You're reading these online? Ouch, it's hard enough muddling through the crabbed, over-punctuated, weirdly constructed language when it's clearly written on a page. I can't imagine doing this online. I suppose you have the advantage of easy quoting, though. You can just copy, instead of having to print all of it.
    Quark,I know this is directed at someone else, but I actually did this on MWOW because my own Shakespeare book is sort of heavy with teeny weeny type and my eyes are bothering me presently from some medications I have to take. Now what I did find is it is easy if one takes it slowly and what I did was copy to my document program and then proceed to underline the words or phrases I needed assistence on or to look up. It as a lot easier to sort things out and then to actually quote passages from the text. Of course I did not get too far with this process, but it seemed like a good idea at first.


    I'm already annoyed. Not really, but control the Elizabethanism, if possible.
    Oh you are such a joke! haha

    Whoever said they do this; I do the same thing, if I read or listen to a lot of Shakespeare - I also wake up reciting the lines; not that they are at all accurate; but I wake up from dreaming saying things in Shakespearean language - it is truly strange sometimes....

    Yeah, it's my small attempt at festivity. I'm glad that you got it, though. I thought people might mistake the branches for green algae. They didn't show up too well when I shrunk them to fit.
    I thought it worked. I don't think it looks like algae at all. I knew what it was right away and it make me chuckle....very clever!

    Still, I think you beat me as far as festivity goes. You changed your whole setup. Very well done. I like the backgrounds and everything on your user page, particularly.
    Oh, thank you so much, Quark! 'The Nutcracker' Drawing is my own, but since I used it last year as a signature photo, I was going to change it before Christmas. The night I changed the page it was just handy and fit the color scheme. I may change it nearer Christmas day. Thanks again - that was a nice compliment.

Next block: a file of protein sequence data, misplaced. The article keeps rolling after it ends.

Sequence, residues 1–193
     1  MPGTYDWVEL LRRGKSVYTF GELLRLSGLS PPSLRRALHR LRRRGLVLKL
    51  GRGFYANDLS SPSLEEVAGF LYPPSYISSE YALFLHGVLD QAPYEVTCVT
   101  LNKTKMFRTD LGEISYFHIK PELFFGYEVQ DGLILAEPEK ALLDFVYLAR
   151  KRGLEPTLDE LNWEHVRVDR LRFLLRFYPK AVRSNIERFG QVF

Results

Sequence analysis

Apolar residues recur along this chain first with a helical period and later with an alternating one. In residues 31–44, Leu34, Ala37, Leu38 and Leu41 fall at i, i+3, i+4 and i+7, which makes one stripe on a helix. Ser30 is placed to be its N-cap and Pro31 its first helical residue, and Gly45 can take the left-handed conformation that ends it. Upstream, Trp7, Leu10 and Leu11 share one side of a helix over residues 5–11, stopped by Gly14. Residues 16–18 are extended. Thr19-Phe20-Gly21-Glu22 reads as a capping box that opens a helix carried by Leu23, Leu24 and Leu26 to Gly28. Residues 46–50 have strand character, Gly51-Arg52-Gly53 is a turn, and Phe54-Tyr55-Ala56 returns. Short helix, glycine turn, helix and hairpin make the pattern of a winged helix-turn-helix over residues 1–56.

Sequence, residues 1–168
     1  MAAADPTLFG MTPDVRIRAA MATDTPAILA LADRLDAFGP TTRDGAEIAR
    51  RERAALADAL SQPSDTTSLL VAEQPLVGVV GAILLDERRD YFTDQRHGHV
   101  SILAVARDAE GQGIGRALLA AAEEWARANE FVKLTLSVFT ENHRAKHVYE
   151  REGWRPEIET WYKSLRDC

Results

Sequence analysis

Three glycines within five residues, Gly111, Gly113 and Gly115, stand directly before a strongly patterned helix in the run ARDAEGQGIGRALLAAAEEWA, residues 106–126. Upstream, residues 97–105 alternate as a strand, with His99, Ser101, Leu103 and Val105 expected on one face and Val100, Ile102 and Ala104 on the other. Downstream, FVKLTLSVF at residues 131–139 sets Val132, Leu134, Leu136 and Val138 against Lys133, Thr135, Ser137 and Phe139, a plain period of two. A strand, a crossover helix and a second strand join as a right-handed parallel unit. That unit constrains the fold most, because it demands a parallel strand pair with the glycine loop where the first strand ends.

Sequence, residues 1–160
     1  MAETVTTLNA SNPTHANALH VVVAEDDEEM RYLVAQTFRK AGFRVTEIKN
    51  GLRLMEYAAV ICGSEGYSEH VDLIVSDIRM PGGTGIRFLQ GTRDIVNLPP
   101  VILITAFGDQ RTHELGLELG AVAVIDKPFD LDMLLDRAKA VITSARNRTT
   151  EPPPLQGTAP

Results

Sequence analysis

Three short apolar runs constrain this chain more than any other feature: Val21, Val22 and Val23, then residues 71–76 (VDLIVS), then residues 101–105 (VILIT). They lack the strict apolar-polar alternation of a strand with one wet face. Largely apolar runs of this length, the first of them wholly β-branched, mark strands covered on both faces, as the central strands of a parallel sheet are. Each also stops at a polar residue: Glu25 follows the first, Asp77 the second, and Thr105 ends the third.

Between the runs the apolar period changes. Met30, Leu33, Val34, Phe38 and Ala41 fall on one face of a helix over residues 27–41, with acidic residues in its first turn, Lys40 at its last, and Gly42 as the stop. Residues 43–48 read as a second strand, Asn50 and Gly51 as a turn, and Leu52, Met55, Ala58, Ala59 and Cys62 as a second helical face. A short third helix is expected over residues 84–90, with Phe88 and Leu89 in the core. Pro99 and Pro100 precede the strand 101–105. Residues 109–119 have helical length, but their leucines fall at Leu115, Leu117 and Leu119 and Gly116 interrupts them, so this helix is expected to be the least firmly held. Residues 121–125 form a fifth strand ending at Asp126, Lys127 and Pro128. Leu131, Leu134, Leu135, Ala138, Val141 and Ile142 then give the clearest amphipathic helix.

"It's so mysterious, the land of tears."

    Chapter 7, The Little Prince ~ Antoine de Saint-Exupéry

  11. #86
    Of Subatomic Importance Quark's Avatar
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    Quote Originally Posted by Janine View Post
    Haha - those never get picked, Quark, and I am dying to talk about any of the three...those are the ones I know so well by now....but I guess it is not detined to be, right?
    You need to call on your friends to help you out during the poll. Which one did you vote on this time around?

    Quote Originally Posted by Janine View Post
    'The Nutcracker' Drawing is my own, but since I used it last year as a signature photo, I was going to change it before Christmas.
    I didn't know you drew your avatar. When did you do that? It looks great.
    "Par instants je suis le Pauvre Navire
    [...] Par instants je meurs la mort du Pecheur
    [...] O mais! par instants"

    --"Birds in the Night" by Paul Verlaine (1844-1896). Join the discussion here: http://www.online-literature.com/for...5&goto=newpost

  12. #87
    Asa Nisi Masa mayneverhave's Avatar
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    Quote Originally Posted by Janine View Post
    Whoever said they do this; I do the same thing, if I read or listen to a lot of Shakespeare - I also wake up reciting the lines; not that they are at all accurate; but I wake up from dreaming saying things in Shakespearean language - it is truly strange sometimes....
    Hah, I said it. The worst, however, was when I read a lot of Hemingway and started eliminating adverbs from my speech.

  13. #88
    Our wee Olympic swimmer Janine's Avatar
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    Quote Originally Posted by mayneverhave View Post
    Hah, I said it. The worst, however, was when I read a lot of Hemingway and started eliminating adverbs from my speech.
    mayneverhave, yeah funny how it invades you pysche....... I fully expect to be reciting Shakespeare soon enough in my sleep....now I don't know about eliminating adverbs...that one is funny, too...
    "It's so mysterious, the land of tears."

    Chapter 7, The Little Prince ~ Antoine de Saint-Exupéry